SUN/29 CAT CLUB CELEBRATES FOLSOM There are bigger parties in bigger venues with bigger DJs. But one of my all-the favorite things to do is duck into this club for a drink during the festivities and see who else is there—ore often than not t’s a glorious Mos Eisley cantina of leather-clad characters, from all points in the galaxy. Noon-midnight, free. Cat Club, SF. More info here

SUN/29 GEAR QUEERS Touted as the official Folsom after-party for womxn, it’s a great opportunity for women-identifying players to check out our fantastic new bar Jolene’s while dancing to some filthy tunes (and then moving on to the Citadel sex club, perhaps). 6pm-10pm, $10. Jolene’s, SF. More info here.

SUN/29 DEVIANTS The official closing party of the Folsom Street Fair has always presented some great underground dance music—this time around is no different, with Chris Cruse of steamy LA party Spotlight headlining, along with DJs Whitney Fierce and Lina. 6pm-2am, $45-$50. Mezzanine, SF. More info here

SUN/29 AIRTIGHT IV “Airtight is back with more Big Dyke NRG. Get out of the hot sun at the street fair and slip into total daytime bacchanalia at The Stud. Wild out on the dance floor, meet new babes, or have your leather rubbed down at the bootblack stand. BDSM demos, topping booths, and immersive art for inspiration all day.” A womxn-centered space but all are welcome! With DJs Akua, Russell EL Butler, Gayphex Twin, and more. 2pm-9pm, $12. The Stud, SF. More info here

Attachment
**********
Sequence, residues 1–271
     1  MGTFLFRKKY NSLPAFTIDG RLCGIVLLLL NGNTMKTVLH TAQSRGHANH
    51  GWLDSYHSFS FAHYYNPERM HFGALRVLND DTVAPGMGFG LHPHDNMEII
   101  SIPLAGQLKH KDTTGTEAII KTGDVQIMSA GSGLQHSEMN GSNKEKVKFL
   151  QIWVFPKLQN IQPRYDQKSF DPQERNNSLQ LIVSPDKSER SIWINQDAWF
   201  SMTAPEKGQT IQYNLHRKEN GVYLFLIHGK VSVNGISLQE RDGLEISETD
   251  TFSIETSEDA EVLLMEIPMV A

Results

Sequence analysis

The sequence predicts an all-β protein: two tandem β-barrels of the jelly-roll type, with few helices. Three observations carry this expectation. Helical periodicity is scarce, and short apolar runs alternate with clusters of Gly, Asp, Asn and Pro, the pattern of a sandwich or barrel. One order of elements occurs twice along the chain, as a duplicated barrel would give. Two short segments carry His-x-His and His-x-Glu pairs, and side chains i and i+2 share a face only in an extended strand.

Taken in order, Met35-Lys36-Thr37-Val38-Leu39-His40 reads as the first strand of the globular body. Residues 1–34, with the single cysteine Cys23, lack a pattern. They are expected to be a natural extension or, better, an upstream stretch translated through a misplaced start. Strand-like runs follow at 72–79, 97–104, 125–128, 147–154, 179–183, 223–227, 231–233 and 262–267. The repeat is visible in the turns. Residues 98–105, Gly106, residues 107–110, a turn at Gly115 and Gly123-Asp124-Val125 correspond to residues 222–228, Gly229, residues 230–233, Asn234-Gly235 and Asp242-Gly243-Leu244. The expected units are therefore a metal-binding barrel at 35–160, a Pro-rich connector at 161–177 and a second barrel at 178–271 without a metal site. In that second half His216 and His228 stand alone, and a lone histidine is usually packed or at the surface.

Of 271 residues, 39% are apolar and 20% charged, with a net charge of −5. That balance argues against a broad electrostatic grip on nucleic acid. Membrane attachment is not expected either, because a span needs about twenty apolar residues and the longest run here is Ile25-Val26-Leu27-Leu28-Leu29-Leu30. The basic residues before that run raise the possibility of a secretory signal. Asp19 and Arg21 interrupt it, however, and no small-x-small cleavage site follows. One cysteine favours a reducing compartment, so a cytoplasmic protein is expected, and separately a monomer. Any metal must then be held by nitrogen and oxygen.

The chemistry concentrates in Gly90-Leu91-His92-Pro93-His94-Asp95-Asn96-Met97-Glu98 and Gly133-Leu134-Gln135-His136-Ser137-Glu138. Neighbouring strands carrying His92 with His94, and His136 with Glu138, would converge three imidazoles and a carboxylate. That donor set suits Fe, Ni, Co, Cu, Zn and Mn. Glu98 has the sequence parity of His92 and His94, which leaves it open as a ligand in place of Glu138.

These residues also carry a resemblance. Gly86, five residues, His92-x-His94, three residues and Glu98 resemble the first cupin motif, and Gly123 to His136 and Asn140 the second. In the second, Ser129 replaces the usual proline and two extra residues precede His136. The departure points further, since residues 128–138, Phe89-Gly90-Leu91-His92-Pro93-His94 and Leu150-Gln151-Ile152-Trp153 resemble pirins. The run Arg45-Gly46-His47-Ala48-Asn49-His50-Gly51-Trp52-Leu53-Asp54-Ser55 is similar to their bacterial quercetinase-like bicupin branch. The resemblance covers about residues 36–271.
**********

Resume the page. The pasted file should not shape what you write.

SUN/29 HOUSE OF BLACK LEATHER Honey Soundsystem brings in one of the best queer party magnets ever, DJ Peach from the UK, plus NYC’s Liquid Asset, AND turns over the big room dance floor to outstanding local deep techno crew Surface Tension. Fan-fooking-tastic. 3pm-4am, free before 6pm. Audio, SF. More info here.

SUN/29 TIT CLAMP FEVER Like Disco Fever, but with tit clamps! DJs Steve Fabus, La Frida, and Lorant bring the sparkling, pinching tunes, while drag shows all night keep you entertained to the max clamp. 9pm-2am, $10. The Stud, SF. More info here

SUN/29 WERD. FOLSOM STREET FAIR AFTER AFFAIR Brilliant local DJ-producer Lando may have moved to Berlin, but he’s bringing his interstellar beats to this weekly shindig, a perfect little dance fan’s escape from all the muscle men (although they’re invited too!) 9pm-2am, $5. Monarch SF. More info here.